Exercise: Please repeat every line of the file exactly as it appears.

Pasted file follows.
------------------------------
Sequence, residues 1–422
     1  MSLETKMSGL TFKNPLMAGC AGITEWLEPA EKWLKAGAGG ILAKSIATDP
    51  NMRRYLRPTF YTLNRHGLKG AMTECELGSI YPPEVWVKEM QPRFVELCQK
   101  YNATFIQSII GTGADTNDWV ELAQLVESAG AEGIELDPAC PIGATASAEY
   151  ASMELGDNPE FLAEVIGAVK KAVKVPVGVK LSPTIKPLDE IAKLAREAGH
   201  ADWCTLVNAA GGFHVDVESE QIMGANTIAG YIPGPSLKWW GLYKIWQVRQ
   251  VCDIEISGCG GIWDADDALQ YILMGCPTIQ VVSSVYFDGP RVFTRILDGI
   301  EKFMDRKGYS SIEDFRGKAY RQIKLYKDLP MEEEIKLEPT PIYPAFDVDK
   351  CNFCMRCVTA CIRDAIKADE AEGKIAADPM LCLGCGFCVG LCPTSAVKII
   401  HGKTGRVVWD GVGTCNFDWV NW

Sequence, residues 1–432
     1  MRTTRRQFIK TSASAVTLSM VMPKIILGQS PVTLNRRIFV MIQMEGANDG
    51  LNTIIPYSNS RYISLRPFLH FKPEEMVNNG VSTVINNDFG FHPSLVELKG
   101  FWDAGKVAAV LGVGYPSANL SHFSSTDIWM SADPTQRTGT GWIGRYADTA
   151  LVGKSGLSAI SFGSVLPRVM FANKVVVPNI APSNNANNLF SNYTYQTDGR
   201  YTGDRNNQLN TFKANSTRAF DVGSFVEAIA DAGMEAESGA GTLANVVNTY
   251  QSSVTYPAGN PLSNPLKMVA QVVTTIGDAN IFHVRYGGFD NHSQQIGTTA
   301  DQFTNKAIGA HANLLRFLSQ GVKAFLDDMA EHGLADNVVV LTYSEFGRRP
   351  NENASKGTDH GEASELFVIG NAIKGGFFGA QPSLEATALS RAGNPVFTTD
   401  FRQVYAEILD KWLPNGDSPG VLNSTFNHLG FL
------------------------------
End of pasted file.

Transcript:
Sequence, residues 1–422
     1  MSLETKMSGL TFKNPLMAGC AGITEWLEPA EKWLKAGAGG ILAKSIATDP
    51  NMRRYLRPTF YTLNRHGLKG AMTECELGSI YPPEVWVKEM QPRFVELCQK
   101  YNATFIQSII GTGADTNDWV ELAQLVESAG AEGIELDPAC PIGATASAEY
   151  ASMELGDNPE FLAEVIGAVK KAVKVPVGVK LSPTIKPLDE IAKLAREAGH
   201  ADWCTLVNAA GGFHVDVESE QIMGANTIAG YIPGPSLKWW GLYKIWQVRQ
   251  VCDIEISGCG GIWDADDALQ YILMGCPTIQ VVSSVYFDGP RVFTRILDGI
   301  EKFMDRKGYS SIEDFRGKAY RQIKLYKDLP MEEEIKLEPT PIYPAFDVDK
   351  CNFCMRCVTA CIRDAIKADE AEGKIAADPM LCLGCGFCVG LCPTSAVKII
   401  HGKTGRVVWD GVGTCNFDWV NW

Sequence, residues 1–432
     1  MRTTRRQFIK TSASAVTLSM VMPKIILGQS PVTLNRRIFV MIQMEGANDG
    51  LNTIIPYSNS RYISLRPFLH FKPEEMVNNG VSTVINNDFG FHPSLVELKG
   101  FWDAGKVAAV LGVGYPSANL SHFSSTDIWM SADPTQRTGT GWIGRYADTA
   151  LVGKSGLSAI SFGSVLPRVM FANKVVVPNI APSNNANNLF SNYTYQTDGR
   201  YTGDRNNQLN TFKANSTRAF DVGSFVEAIA DAGMEAESGA GTLANVVNTY
   251  QSSVTYPAGN PLSNPLKMVA QVVTTIGDAN IFHVRYGGFD NHSQQIGTTA
   301  DQFTNKAIGA HANLLRFLSQ GVKAFLDDMA EHGLADNVVV LTYSEFGRRP
   351  NENASKGTDH GEASELFVIG NAIKGGFFGA QPSLEATALS RAGNPVFTTD
   401  FRQVYAEILD KWLPNGDSPG VLNSTFNHLG FL